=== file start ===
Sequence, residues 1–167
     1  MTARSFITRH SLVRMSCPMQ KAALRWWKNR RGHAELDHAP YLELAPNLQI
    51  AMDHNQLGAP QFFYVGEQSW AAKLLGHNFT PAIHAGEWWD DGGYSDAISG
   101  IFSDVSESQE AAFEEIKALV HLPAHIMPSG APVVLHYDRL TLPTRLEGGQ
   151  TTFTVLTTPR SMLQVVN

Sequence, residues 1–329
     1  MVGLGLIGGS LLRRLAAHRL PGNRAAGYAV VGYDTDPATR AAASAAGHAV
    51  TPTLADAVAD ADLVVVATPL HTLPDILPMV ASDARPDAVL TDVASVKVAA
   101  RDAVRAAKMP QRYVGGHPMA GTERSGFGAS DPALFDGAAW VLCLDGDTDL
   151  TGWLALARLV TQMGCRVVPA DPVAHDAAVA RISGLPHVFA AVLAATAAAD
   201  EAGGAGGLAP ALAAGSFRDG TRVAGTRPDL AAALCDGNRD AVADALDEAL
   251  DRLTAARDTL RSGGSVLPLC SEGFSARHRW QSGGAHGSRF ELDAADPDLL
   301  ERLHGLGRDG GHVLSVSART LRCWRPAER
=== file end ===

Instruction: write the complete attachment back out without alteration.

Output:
Sequence, residues 1–167
     1  MTARSFITRH SLVRMSCPMQ KAALRWWKNR RGHAELDHAP YLELAPNLQI
    51  AMDHNQLGAP QFFYVGEQSW AAKLLGHNFT PAIHAGEWWD DGGYSDAISG
   101  IFSDVSESQE AAFEEIKALV HLPAHIMPSG APVVLHYDRL TLPTRLEGGQ
   151  TTFTVLTTPR SMLQVVN

Sequence, residues 1–329
     1  MVGLGLIGGS LLRRLAAHRL PGNRAAGYAV VGYDTDPATR AAASAAGHAV
    51  TPTLADAVAD ADLVVVATPL HTLPDILPMV ASDARPDAVL TDVASVKVAA
   101  RDAVRAAKMP QRYVGGHPMA GTERSGFGAS DPALFDGAAW VLCLDGDTDL
   151  TGWLALARLV TQMGCRVVPA DPVAHDAAVA RISGLPHVFA AVLAATAAAD
   201  EAGGAGGLAP ALAAGSFRDG TRVAGTRPDL AAALCDGNRD AVADALDEAL
   251  DRLTAARDTL RSGGSVLPLC SEGFSARHRW QSGGAHGSRF ELDAADPDLL
   301  ERLHGLGRDG GHVLSVSART LRCWRPAER